4. The "equities" weigh heavily in favor of granting preliminary injunctive relief in favor of Kevin Graves.
5. The public interest will be served by granting preliminary injunctive relief to Kevin Graves.
An appropriate order will be entered.
1. The motion of the Plaintiffs for leave to present additional relevant information to the Court is denied.
2. The motion of the Plaintiffs to file supplemental findings of fact is granted.
3. The motion of the Plaintiffs for a preliminary injunction is granted in part and denied in part.
4. The motion of Kevin Graves for a preliminary injunction is granted.
5. The request of all other Plaintiffs for preliminary injunctive relief is denied.
6. Pending final hearing or further order of this Court, Defendants John W. Oswald, M. Lee Upcraft, the Board of Trustees of the Pennsylvania State University, Pennsylvania State University, and its employees and agents, are hereby enjoined from enforcing Paragraph 3 of the "Regulations for the Solicitation of Money or the Sale or Solicitation of Sale of Products or Services in University Residence Halls," promulgated November 19, 1982, with respect to Kevin Graves, the only named individual student Plaintiff who resides in Penn State's residence halls.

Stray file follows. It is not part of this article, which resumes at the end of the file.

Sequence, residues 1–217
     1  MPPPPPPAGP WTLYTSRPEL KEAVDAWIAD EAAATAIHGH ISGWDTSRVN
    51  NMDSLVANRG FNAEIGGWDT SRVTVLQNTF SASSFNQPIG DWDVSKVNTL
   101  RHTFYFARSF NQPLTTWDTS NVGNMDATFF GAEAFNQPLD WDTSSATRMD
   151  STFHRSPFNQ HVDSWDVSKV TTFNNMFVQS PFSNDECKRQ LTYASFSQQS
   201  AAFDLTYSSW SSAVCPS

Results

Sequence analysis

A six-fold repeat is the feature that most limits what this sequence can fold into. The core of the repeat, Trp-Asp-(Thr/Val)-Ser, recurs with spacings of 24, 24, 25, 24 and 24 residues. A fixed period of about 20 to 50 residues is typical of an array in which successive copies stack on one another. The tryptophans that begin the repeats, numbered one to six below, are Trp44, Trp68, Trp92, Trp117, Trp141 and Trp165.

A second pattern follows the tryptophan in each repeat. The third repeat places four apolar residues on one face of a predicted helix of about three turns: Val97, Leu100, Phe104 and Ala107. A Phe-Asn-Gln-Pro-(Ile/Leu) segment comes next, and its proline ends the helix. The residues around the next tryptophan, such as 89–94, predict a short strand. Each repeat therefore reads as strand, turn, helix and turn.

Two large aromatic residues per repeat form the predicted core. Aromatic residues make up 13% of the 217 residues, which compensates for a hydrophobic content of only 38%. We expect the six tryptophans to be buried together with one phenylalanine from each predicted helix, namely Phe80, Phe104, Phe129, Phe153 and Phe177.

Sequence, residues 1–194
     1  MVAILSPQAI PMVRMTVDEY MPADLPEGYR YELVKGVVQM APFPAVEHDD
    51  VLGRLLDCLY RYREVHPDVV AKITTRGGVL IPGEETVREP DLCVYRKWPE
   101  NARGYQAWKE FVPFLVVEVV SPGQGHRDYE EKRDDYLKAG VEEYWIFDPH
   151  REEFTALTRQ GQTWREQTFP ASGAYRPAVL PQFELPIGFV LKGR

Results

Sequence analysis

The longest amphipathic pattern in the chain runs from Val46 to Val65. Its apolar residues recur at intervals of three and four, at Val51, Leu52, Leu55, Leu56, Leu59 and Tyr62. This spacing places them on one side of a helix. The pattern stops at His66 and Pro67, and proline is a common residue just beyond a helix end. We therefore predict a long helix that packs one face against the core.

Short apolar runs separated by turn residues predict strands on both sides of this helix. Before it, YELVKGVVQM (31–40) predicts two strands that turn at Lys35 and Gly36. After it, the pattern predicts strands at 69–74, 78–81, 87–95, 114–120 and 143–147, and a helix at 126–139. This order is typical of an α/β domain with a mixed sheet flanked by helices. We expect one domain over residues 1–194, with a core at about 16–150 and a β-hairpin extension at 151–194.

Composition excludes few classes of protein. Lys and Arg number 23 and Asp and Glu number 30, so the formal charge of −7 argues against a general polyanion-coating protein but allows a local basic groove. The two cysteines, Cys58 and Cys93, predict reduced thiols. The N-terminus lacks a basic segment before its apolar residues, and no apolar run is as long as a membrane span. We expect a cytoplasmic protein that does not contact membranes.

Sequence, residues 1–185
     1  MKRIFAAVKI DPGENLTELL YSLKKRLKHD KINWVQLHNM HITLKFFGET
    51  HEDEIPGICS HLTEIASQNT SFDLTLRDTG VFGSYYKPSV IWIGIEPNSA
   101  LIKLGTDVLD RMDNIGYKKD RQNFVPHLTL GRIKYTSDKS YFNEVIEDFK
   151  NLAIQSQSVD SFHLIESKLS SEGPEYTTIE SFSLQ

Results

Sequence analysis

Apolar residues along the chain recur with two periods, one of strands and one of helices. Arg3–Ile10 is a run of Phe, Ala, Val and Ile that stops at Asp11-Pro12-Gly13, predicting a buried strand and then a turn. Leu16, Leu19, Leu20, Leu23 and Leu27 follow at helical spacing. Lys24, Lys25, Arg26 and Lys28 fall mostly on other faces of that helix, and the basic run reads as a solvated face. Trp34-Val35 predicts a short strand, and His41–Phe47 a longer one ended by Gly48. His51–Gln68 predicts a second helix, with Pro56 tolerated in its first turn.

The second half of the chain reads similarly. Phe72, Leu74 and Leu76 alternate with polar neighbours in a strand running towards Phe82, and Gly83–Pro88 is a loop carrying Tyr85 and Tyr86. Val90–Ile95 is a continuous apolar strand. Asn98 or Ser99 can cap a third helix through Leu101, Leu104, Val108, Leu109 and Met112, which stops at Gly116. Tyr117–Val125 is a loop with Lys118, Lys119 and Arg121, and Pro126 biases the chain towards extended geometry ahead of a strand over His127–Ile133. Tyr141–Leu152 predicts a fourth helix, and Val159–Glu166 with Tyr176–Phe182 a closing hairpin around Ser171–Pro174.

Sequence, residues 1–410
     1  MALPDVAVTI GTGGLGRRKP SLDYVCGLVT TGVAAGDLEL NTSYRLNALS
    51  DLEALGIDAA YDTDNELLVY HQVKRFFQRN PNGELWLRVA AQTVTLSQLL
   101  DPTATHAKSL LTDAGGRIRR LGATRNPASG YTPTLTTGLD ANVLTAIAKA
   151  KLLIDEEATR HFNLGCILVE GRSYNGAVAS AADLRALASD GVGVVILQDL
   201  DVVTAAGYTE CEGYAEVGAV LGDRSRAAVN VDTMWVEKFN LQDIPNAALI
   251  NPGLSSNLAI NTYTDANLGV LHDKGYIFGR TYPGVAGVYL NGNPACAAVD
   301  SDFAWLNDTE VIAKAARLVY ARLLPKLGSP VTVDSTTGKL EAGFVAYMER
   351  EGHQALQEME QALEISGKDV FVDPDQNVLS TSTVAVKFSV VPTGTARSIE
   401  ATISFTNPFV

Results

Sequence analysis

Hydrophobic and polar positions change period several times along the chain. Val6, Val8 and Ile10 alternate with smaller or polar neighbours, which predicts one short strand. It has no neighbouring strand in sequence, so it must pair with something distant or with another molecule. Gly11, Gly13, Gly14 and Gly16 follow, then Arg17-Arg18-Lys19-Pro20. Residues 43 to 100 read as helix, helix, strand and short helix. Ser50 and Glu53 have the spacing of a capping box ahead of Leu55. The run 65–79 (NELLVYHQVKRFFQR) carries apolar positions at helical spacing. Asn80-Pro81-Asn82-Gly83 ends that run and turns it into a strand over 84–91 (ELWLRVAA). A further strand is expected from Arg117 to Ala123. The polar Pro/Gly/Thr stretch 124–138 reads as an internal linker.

7. This case is hereby placed on the Williamsport July 1983 trial list for disposition on the merits.
8. A settlement conference will be held in this case in Williamsport on Wednesday, June 1, 1983, at a time to be announced.
9. All discovery in this case shall be completed on or before June 15, 1983.
10. A final pre-trial conference will be held in this case in Williamsport on Tuesday, July 5, 1983.
11. Juries will be drawn in Williamsport on Wednesday, July 6, 1983 for those cases on the July 1983 list to be tried by a jury.
AND NOW, this 10th day of January, 1983, it is hereby ORDERED that Plaintiffs' Motion to Amend Opinion dated December 21, 1982 is GRANTED.
The Opinion of this Court dated December 21, 1982 is hereby AMENDED as follows:
At page 28 of the Opinion, line 19, the word "effective" is amended to read "ineffective".
BY THE COURT:
Muir, District Judge.